Two-time Wimbledon champion returned in May after five months out following attack.
WTA Staff

LONDON, Great Britain - Petra Kvitova says the welcome she received from fellow players and supporters has aided her return to tennis.

The Czech was forced to take time out of the sport after being attacked in her Prostejov home shortly before Christmas. Roland Garros marked her comeback earlier than expected in May, and she even went on to win the Aegon Classic in Birmingham last month. 

"It was so sweet of the players, of the tournament, of the fans and everyone," she told wtatennis.com. "It was so special for me - I'll never be the same again, and now when I see everyone I have a much better mood. I have a great team, great people around me - I am really blessed that I have them."

Victory in the first round at Wimbledon - a venue where she has twice been champion - this week followed an emotional opening victory at he French Open last month, when she overcame Julia Boserup in her first match back on court. Kvitova, however, is aware she still has work to do in order to regain her past form.

"I'm still in the process, on the way," she continues. "The hand is still not 100% and probably never will be. I just need to work with what I have, to get used to my new hand - if I can call it that! I'm happy that I am able to play tennis and I hope that my level will increase as well."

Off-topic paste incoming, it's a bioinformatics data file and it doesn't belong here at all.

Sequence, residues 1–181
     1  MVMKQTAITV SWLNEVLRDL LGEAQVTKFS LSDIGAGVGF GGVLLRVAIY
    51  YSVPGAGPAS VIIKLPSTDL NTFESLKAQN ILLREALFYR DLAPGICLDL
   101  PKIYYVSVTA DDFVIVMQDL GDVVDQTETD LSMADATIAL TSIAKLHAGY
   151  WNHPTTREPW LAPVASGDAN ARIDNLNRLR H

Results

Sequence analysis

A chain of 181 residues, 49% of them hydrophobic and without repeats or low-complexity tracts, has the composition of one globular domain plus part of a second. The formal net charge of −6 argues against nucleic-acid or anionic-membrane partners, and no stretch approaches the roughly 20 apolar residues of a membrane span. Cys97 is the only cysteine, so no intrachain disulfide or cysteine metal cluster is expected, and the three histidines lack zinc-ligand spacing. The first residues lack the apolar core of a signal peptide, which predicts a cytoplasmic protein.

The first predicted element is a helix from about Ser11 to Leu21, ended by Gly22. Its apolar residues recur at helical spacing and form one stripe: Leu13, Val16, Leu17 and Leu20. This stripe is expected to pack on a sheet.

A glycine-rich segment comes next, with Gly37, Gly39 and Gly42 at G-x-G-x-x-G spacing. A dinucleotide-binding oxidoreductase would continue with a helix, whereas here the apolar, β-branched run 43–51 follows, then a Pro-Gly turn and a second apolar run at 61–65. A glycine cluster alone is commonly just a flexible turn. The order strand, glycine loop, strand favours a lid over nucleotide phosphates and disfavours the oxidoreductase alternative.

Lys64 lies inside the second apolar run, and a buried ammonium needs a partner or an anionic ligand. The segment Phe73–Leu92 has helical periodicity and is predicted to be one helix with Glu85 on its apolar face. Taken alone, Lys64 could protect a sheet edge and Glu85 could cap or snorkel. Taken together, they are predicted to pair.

The 27-year-old admits that she found it difficult to get used to her new grip and how to handle a racket, but credits her family and friends with supporting her through the process. "The first time I saw my hand, it was a little bit different than before - that was the hard part," she recalls. "The time I started to practice with it, the doctor gave me my racket and I said, 'Oh, it's not good.' I didn't really have a great mood afterwards - every step was hard because I didn't really know how to respond.

"[But] every time was getting better, even from the beginning when I hit. It was painful, it was tough. I wasn't really staying alone for a couple of weeks, maybe months - I wasn't ready to be alone, so my parents and family helped me through this amazingly, the same as my team.

"From the first time [after the attack] I was really happy that I was still alive, then I was happy that I have all my fingers and I can move them. I'm glad that I'm here."